OTTAWA (Reuters) - Canada’s trade deficit in July shrank to C$3.04 billion, thanks largely to a strong Canadian dollar that cut the value of imports and also helped depress exports, Statistic Canada said on Wednesday.
Analysts in a Reuters poll had predicted a shortfall of C$3.1 billion. Statscan revised June’s deficit to C$3.76 billion in June from an initial C$3.60 billion.
In volume terms, imports fell by 2.3 percent while exports dropped by 1.1 percent.
The data came too late to influence the Bank of Canada, which was due to make an interest rate announcement at 10 am ET (1400 GMT) on Wednesday. Analysts are split over whether it will hike rates for the second time this year as the economy strengthens.
The central bank has long fretted over what it sees as the relative underperformance of Canada’s non-energy export sector.
“Prices did play a significant role but weaker volumes also contributed and point to a slowdown in growth in the third quarter,” said Royce Mendes of CIBC Economics.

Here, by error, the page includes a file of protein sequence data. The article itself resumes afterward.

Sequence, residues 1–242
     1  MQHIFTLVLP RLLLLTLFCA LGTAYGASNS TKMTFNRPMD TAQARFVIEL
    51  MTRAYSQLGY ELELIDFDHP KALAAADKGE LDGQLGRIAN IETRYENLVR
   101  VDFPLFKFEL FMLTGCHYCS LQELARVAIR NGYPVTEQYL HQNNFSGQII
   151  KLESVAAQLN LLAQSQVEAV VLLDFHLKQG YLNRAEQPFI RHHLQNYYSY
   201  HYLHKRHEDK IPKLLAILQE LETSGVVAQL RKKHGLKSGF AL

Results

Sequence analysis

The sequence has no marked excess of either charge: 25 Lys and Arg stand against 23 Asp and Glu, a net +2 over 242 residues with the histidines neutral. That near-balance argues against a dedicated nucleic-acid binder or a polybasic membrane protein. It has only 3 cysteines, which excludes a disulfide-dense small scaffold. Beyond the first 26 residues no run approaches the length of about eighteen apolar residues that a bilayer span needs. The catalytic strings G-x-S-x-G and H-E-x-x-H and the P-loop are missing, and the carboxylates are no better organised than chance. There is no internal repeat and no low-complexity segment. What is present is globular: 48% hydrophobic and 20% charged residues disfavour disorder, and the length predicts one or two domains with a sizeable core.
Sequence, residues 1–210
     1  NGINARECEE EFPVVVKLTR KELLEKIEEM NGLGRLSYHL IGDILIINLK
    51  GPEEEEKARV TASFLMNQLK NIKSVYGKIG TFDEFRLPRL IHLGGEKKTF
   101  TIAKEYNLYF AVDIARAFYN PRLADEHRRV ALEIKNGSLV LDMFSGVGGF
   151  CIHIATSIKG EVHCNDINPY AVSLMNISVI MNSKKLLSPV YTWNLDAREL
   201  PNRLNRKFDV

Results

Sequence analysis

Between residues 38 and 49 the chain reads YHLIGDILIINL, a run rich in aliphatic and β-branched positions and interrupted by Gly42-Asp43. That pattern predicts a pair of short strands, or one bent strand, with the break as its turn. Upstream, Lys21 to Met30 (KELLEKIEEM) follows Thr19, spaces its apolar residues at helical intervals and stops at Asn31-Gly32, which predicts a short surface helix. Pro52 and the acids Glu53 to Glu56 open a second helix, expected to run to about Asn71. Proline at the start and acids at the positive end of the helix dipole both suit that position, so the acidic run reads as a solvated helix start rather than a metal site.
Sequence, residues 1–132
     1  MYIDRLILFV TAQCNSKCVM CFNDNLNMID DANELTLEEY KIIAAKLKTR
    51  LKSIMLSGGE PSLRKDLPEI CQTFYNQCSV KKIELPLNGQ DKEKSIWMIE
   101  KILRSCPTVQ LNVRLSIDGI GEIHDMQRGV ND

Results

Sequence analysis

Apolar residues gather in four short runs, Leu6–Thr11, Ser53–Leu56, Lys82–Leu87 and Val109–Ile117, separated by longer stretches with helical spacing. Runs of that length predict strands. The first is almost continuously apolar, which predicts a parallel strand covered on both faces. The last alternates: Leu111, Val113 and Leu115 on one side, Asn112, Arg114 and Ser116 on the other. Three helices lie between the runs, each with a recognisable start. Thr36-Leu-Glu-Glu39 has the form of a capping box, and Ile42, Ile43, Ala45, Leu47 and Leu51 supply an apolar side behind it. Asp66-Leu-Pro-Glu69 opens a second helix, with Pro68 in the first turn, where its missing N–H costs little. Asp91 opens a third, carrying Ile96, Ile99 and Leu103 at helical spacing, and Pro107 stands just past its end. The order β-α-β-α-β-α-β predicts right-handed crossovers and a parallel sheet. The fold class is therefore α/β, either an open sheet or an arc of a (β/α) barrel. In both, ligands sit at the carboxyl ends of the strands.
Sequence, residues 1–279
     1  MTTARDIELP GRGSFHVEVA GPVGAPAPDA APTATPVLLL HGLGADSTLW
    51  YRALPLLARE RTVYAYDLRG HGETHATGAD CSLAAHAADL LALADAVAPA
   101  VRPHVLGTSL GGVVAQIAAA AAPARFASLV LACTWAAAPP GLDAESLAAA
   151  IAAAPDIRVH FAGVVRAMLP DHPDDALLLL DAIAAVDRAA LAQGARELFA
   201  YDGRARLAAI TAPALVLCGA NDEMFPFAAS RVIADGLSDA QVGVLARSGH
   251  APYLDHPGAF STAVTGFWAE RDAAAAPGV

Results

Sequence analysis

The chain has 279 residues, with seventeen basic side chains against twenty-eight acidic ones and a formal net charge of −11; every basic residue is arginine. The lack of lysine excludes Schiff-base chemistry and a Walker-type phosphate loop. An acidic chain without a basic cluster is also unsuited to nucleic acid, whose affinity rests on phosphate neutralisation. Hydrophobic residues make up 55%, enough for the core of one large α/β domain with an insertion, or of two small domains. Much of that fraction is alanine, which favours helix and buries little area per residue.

The value of imports fell by 6.0 percent from June, with lower prices accounting for most of the decline. The Canadian dollar gained 3.6 U.S. cents against the greenback in July.
The robust domestic currency also depressed the value of exports, which dropped by 4.9 percent after falling by 5.0 percent in June. Many major exporters price their goods in U.S. dollars, which means they receive fewer Canadian dollars as the currency strengthens.
Export Development Canada Chief Economist Peter Hall said the slipping exports could be explained in part by longer than usual shutdowns in the auto sector.
“Two months of declining exports bears watching ... This is not great news but the fundamentals suggest this is not going to last,” he said in a phone interview.
Exports to the United States, which accounted for 75.5 percent of Canadian goods exports in July, fell by 3.2 percent while imports plunged by 6.7 percent. As a result, the trade surplus with the United States grew to C$2.90 billion from C$1.80 billion in June.
Paul Ferley, assistant chief economist at Royal Bank of Canada, said although the trade balance had improved, “unfortunately it is not coming from the source you want to see, strength in exports”.
Separately, Statscan said the labor productivity of businesses dipped by 0.1 percent in the second quarter as the number of hours worked grew faster than business output.
Reporting by David Ljunggren; Editing by Frances Kerry